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stay modded, my friend...
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Champion Iridium #9403

07RT, how do you like the Iridiums?? Anyone else use the NGK Iridiums?? Are they worth the extra money??
They work great, but time and miles will be the true testto see if they were worth the extra $. Th original copper ones I pulled were still hangin' in there, so no substantial performance gain.
 

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Just did mine. Took about 3 hours, first time doing plugs. Went well. The 95' heat made it a pain but other than that I am happy.

70k miles, 2nd owner so I don't know if they are factory plugs or not. Made sure to use anti seize as some of them were in there tight and made noise coming out. I only used the wrench to start and finish the twisting, fingers and an extension the rest of the time to be safe. Started her up after every pair and found no problems.

BIG thanks again for the info guys!
 

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I ♥ AWD
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My Magnum has the originals and I'm at 63k miles now (50k miles in the last 25 months). I think it's time to change them!

What local parts store has these in stock and at a good price?
 

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My Magnum has the originals and I'm at 63k miles now (50k miles in the last 25 months). I think it's time to change them!

What local parts store has these in stock and at a good price?
I bought the plugs from rockauto.com and the anti sieze/boot grease from a local run car parts store. Great having them shipped right to the door for around $30 and picked up a few odds and ends as well.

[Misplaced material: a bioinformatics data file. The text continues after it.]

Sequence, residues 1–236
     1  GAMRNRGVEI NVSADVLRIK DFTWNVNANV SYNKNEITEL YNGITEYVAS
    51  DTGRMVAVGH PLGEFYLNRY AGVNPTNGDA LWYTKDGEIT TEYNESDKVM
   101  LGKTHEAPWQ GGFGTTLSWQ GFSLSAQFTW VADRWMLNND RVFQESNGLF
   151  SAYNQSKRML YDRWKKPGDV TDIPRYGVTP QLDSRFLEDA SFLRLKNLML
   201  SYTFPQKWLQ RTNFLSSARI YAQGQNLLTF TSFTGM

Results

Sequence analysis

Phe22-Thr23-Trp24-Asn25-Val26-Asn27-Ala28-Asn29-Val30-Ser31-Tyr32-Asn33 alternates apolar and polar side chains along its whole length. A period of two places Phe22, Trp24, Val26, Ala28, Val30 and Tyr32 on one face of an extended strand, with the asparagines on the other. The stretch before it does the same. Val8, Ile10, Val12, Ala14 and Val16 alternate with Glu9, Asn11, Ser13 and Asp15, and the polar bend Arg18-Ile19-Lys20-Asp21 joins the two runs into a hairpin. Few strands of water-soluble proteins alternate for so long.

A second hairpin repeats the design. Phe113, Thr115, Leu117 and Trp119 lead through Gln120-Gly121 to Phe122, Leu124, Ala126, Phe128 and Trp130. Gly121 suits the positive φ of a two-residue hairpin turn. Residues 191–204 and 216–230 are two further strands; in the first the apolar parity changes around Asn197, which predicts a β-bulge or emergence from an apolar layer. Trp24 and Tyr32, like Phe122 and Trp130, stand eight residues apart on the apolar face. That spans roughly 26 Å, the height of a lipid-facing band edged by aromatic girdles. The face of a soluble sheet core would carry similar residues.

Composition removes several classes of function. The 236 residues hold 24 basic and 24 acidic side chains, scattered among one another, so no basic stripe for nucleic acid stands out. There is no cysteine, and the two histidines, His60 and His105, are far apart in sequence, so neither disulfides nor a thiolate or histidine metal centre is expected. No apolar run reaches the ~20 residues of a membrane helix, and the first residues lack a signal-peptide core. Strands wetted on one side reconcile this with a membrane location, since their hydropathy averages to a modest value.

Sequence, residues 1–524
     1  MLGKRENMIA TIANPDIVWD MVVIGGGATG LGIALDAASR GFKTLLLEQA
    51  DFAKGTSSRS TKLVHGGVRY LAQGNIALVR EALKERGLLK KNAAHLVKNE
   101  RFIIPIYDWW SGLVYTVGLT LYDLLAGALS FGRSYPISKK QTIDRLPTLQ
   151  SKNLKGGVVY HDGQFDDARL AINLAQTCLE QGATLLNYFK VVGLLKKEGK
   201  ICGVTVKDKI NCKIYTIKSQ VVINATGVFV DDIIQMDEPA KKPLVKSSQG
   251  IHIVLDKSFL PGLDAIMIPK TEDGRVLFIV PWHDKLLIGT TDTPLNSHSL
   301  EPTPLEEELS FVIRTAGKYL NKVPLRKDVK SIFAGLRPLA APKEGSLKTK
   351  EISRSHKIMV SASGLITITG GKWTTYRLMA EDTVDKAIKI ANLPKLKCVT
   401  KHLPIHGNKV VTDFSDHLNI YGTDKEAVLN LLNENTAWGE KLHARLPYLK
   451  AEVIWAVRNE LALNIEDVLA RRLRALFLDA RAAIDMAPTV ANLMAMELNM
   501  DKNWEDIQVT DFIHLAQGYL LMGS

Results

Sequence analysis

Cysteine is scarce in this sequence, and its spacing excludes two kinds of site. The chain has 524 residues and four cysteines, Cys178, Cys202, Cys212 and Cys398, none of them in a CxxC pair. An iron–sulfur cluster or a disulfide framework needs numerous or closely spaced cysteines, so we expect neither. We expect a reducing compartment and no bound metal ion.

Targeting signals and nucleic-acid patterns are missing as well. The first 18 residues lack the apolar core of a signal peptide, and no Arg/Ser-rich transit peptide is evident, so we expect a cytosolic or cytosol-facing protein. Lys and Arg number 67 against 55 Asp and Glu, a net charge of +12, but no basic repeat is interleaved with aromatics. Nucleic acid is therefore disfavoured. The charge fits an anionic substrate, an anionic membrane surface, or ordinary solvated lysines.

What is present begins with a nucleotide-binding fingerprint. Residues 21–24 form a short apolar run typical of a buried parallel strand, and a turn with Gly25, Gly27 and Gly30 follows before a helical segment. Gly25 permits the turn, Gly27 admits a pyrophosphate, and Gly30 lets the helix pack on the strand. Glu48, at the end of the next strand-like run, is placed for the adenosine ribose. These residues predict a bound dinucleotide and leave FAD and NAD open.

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I ♥ AWD
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How much anti-seize are you guys applying? Are you spreading it over all of the threads?

How much dielectric grease are you using as well? Are you putting a small amount on top of the insulator?
 

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Sedan on Steroids
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How much anti-seize are you guys applying? Are you spreading it over all of the threads?
A little anti-sieze goes a long way. I just put a small dab on the leading edge of the threads. It gets spread around the rest of the threaded area as you install the spark plug and tighten it.

How much dielectric grease are you using as well? Are you putting a small amount on top of the insulator?
On the dielectric grease, I just give a small squeeeze of the tube to the inside of the rubber spark plug boot and then spread it 360 degrees around the inside of the boot using a smalll screwdriver. Just enough for a thin coat will do you just fine.
 

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How much anti-seize are you guys applying? Are you spreading it over all of the threads?

How much dielectric grease are you using as well? Are you putting a small amount on top of the insulator?
With the anti size I would place a small dab on either sie of the plugs in the middle of the threads and spread it around with my finger. Just made sure a small amount was in the threads and no gobs hanging off.

The grease just a small dab in the plastic boot of the coil pack, about the size of a peanut.
 

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I ♥ AWD
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Thanks for all the help fellas.

Took me almost 2hrs taking my time and jacking up the car to take off the belly pan to retrieve a bolt. Plugs looked pretty good for 64k miles on them. I won't change them again until 100k. Used OEM Champions from NAPA, around $30.
 

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Mopar or No Car
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Plugs are not torqued... if it has the little metal gasket it is a 1/4 turn past contact, if it doesn't and it just has a tapered metal flange it is 1/16 turn past contact. or snugged up as someone put it... haven't done mine yet but about to... hopefully get rid of the stutter I get sometimes...

I'm not even at 23k yet but I like doing things early... Might try the platinums but like most said, the coppers are fine and cheaper and I'll be taking them out on the copper scheduled 30k or sooner anyways so why throw the money out...

maybe I'll do em and like my oil go right on schedule instead of early with regular (changed to synth at 3k)